A northern Illinois family who were renovating their home this month unearthed a bag of french fries that had apparently been sitting inside a wall for more than 60 years.
Rob and Grace Jones were fixing up their kitchen and bathroom on April 16 in Crystal Lake, which is about 50 miles northwest of downtown Chicago, when they made the fast-food discovery.
They were replacing a built-in toilet paper holder, requiring them to open a 4-by-6-inch section of the wall. That's when they spotted a towel inside the wall, wrapping up something that the young parents initially feared.
"We were expecting the worst. We were both like, 'Oh, my gosh, we're going to be unveiling a cold case here,'" Grace Jones, 31, said as she laughed Wednesday. "I was shielding my kids in case there was any dried blood."
Instead, what they found was a bag with two hamburger wrappers and a remarkably well-preserved order of fries.
"Not a cold case, just some cold fries," said Jones, the mother of children ages 2 and 5. "They were very well preserved."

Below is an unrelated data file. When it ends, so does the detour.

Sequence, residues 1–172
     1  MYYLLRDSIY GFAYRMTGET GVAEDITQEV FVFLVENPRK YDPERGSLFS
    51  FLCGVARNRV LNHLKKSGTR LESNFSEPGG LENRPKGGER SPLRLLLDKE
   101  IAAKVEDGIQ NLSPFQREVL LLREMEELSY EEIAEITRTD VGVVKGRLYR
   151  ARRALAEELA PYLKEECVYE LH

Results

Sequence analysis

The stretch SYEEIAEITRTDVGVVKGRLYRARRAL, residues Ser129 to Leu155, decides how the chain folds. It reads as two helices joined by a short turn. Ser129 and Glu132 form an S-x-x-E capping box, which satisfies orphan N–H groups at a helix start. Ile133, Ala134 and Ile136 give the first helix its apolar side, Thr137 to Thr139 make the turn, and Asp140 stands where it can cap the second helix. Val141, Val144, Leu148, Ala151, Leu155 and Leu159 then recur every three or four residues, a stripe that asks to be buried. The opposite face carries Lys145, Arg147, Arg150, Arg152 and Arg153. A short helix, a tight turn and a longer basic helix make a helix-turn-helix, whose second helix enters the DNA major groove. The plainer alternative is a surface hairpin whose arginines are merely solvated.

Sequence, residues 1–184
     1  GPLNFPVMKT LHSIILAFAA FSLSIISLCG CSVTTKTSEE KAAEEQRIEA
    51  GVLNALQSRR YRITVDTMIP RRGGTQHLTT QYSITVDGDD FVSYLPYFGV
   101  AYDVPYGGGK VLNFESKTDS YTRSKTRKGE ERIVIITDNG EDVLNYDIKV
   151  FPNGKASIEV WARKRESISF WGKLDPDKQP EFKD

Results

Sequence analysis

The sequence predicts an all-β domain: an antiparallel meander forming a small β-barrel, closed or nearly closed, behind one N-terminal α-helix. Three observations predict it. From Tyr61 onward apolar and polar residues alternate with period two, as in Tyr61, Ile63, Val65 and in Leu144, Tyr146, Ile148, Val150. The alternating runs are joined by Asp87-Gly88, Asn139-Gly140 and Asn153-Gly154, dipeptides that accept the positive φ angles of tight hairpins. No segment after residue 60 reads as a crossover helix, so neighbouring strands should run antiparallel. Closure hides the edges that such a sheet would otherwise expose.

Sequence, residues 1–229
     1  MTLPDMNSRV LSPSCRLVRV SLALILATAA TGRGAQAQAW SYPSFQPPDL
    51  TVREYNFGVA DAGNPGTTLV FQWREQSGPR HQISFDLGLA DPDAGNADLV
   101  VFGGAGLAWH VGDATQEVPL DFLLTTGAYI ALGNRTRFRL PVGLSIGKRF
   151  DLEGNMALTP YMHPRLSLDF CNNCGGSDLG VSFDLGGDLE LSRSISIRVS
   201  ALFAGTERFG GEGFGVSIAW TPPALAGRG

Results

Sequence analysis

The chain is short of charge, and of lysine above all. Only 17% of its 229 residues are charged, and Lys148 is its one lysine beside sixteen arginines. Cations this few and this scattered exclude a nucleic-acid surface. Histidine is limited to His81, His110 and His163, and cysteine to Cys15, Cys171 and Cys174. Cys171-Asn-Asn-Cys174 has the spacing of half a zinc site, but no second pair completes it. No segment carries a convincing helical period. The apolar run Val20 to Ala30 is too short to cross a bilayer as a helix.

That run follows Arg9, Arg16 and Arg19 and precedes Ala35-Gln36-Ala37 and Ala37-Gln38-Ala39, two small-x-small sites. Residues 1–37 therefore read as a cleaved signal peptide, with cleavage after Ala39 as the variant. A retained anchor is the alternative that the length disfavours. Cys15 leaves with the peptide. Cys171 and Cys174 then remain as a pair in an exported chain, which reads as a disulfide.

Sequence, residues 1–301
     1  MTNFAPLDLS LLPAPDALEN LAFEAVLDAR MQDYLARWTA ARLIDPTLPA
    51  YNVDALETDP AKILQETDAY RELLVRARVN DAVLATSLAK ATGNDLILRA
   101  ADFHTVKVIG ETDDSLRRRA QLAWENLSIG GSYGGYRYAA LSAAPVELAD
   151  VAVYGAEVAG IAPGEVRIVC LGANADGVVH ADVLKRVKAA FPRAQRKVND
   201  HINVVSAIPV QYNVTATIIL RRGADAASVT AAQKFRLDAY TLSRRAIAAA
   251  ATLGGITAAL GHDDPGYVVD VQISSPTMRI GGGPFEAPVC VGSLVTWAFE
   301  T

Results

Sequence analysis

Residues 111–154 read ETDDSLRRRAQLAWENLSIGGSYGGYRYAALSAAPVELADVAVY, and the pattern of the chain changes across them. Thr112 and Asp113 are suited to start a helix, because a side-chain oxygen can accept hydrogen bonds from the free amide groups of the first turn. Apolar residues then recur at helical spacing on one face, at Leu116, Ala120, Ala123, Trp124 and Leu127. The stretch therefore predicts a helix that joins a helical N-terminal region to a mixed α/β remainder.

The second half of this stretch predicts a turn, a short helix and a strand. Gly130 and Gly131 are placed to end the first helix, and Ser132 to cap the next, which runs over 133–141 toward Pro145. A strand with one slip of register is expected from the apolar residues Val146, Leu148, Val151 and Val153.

Their ranch style house was built in 1959, and the Crystal Lake Historical Society has records of an early McDonald’s having opened a half-mile from the home the same year, the Chamber of Commerce said.
It was only a carry-out location, with burgers costing 15 cents, fries 10 cents and milkshakes 20 cents, town records showed.
The wrappers found by the Jones family had the 1950s McDonald’s mascot Speedee, who predated Ronald McDonald and emphasized the chain’s — at the time — revolutionary fast service.
Jones, who grew up in nearby Woodstock, said one of her mother’s most vivid childhood memories was going to the 1955 grand opening of the McDonald's in Des Plaines, Illinois. That's where Ray Kroc opened his first franchise of the California-rooted fast-food empire, which was started by Richard and Maurice McDonald.
The couple posted photos of the fast-food archeological find on social media accounts, and it has prompted them to learn more about their community’s history.
"It's been unreal. We didn't expect this to take off the way it has. We just thought it was it a cool find," said Jones, an early childhood special education teacher. "It's been awesome, it's been so fun, it's been neat, learning about the history of our neighborhood."
And no, the Jones family didn’t eat the aged fries.
The papers are now tucked away in a folder and the fries are in Tupperware, stored up high so their children can't get to them for a snack.